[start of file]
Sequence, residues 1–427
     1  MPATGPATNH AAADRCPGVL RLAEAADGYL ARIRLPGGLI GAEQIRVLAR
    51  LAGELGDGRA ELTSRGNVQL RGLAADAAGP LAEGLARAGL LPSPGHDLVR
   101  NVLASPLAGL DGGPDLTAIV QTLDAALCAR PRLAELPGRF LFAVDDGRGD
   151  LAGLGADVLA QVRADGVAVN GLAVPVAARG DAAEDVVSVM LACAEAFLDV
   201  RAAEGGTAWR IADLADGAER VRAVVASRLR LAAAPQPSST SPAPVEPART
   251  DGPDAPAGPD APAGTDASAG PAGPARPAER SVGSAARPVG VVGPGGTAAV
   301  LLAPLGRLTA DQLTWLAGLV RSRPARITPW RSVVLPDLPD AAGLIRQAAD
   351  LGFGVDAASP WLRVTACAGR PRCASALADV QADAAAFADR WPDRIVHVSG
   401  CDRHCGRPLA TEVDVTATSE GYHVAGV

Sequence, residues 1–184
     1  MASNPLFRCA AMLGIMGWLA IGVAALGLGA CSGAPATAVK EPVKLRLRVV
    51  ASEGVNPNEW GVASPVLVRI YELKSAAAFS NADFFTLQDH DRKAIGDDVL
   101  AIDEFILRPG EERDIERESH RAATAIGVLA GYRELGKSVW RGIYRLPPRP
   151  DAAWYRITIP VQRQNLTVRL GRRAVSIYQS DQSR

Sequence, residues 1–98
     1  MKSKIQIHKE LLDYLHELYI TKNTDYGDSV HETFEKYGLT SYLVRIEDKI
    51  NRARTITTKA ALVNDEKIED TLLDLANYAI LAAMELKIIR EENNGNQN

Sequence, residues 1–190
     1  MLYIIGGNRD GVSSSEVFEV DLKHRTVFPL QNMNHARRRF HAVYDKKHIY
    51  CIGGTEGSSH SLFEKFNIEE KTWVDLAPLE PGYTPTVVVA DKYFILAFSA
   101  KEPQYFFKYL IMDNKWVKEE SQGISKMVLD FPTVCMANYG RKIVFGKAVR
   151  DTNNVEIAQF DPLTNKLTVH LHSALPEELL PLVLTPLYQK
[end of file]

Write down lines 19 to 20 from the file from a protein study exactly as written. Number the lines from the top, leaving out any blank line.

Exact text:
Sequence, residues 1–190
     1  MLYIIGGNRD GVSSSEVFEV DLKHRTVFPL QNMNHARRRF HAVYDKKHIY